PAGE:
Quebec premiere
Selection 2019

The Island of Cats

Directed by Mitsuaki Iwago

Japan 2019 103 mins OV Japanese Subtitles : English
Genre Drama

“A mental vacation, with images of lovable cats and portrayals of pure-hearted island folk easing away stress like a long soak in a hot spring”
Mark Schilling, JAPAN TIMES

Tama-san has a good life. At six years and seven months old, he’s at an age when one becomes more profound, the very prime of manhood. Moreover, he is well tended to by his servant, the aging widower Daikichi. He has a busy social life too, checking in and hanging out with many friends and neighbours. If there is anything to complain about, it’s that pretty Mi-chan, who lives nearby, rebuffs his gentlemanly advances. Indeed, a cat’s life is good on this little island of fishermen and retirees. The only constant in life is change, though, and changes are coming. Some are benign, like the lovely young Michiko, newly arrived from Tokyo to open the island’s first café (and catch the eye of the busy village doctor, Tasuku). Some are more troubling, though — the realities of declining health are catching up with Daikichi and his friends.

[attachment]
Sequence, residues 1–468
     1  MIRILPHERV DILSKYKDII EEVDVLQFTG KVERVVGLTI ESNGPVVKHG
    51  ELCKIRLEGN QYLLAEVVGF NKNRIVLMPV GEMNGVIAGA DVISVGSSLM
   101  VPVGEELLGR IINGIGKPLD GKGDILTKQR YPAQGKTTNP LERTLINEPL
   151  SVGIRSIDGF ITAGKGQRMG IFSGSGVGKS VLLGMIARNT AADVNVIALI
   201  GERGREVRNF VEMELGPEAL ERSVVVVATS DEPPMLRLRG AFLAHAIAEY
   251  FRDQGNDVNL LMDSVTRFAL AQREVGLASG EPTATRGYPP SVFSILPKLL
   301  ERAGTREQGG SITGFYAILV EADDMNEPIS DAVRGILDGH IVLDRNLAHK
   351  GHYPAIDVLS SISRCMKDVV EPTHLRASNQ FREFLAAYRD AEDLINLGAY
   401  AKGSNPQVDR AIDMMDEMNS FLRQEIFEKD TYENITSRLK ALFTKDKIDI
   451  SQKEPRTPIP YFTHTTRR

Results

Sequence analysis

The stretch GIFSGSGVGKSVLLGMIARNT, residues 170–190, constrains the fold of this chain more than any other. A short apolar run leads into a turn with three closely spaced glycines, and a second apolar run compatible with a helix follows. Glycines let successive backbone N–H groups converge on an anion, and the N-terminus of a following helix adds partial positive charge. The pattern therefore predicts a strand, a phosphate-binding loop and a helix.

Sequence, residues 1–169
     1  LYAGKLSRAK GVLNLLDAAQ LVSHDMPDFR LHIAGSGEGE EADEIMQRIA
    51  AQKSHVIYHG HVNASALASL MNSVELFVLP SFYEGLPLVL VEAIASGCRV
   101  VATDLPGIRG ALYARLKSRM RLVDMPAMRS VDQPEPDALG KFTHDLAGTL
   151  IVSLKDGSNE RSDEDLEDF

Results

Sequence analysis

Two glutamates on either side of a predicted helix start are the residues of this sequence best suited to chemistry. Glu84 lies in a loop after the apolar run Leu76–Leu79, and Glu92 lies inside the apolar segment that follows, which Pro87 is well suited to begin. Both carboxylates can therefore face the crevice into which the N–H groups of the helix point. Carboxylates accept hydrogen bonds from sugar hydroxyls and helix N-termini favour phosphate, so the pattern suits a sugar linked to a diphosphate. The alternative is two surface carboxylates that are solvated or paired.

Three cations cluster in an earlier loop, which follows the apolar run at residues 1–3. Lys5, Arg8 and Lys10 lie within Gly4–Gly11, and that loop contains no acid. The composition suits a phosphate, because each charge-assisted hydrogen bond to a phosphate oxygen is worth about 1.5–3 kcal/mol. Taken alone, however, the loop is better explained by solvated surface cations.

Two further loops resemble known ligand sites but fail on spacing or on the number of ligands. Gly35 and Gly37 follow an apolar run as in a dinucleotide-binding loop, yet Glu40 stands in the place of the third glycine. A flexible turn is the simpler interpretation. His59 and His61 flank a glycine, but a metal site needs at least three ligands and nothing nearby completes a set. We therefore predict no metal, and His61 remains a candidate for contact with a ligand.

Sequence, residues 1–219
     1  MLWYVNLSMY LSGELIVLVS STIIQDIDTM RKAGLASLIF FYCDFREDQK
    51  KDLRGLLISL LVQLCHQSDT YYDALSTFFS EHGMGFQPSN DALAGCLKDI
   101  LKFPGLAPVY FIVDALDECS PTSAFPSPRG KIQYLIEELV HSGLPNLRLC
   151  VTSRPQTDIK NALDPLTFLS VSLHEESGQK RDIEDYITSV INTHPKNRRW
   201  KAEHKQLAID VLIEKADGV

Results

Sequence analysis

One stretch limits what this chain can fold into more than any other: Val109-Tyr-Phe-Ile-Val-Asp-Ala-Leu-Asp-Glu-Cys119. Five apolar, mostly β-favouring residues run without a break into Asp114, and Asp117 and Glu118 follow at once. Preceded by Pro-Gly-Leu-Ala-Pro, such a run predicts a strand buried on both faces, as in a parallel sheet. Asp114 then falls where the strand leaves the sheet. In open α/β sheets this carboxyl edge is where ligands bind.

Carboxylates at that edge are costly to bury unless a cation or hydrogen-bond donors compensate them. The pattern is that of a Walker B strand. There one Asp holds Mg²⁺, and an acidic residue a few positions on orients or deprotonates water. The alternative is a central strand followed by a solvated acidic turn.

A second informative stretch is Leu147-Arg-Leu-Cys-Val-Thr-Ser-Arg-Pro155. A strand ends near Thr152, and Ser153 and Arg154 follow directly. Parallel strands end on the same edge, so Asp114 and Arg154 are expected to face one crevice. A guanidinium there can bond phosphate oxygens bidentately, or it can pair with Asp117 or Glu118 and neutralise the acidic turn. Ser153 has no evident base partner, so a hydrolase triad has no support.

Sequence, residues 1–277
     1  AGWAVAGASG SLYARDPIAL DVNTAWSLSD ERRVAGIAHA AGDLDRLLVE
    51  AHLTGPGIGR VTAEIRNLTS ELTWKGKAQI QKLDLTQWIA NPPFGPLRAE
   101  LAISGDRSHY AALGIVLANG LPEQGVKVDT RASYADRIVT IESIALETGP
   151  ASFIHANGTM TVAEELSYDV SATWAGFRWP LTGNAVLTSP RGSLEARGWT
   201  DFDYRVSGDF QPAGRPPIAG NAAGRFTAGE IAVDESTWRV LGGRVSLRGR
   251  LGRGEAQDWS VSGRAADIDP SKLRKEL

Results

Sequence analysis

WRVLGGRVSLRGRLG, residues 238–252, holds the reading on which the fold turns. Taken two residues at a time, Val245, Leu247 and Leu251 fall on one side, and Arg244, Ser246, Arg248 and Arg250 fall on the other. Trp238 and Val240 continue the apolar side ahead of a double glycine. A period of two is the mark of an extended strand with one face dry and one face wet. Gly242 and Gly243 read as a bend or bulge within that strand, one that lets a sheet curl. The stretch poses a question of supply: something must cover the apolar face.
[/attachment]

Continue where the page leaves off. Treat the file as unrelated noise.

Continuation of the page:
Adapted from the popular manga by the illustration duo Nekomaki, THE ISLAND OF CATS is the kind of light-hearted, sweet-natured slice-of-life dramedy that hinges to no small degree on performances of its on-screen cast. In its favour, the film’s stars are outstanding in the roles, truly memorable, Oscar-worthy even. The human actors aren’t too shabby either! Shinosuke Tachikawa, an award-winning rakoguka (stage storyteller) and novelist, is just grand as Daikichi. Comparable in tone and theme to the beloved 2003 Quebec film LA GRANDE SÉDUCTION (SEDUCING DOCTOR LEWIS), THE ISLAND OF CATS is the debut feature from director Mitsuaki Iwago, whose previous career as a wildlife photographer assures the finest filming of the felines that sneak into almost every frame of the movie. Given that the Japanese are second only to the ancient Egyptians in their obsessive veneration of cats, it’s unsurprising that feelgood cat movies are a staple of Japanese cinema — Fantasia has shared more than one with our audience over the years. Within that genre, THE ISLAND OF CATS finds itself a worthy spot in the sunshine — just like the proud and self-assured Tama-san himself. – Rupert Bottenberg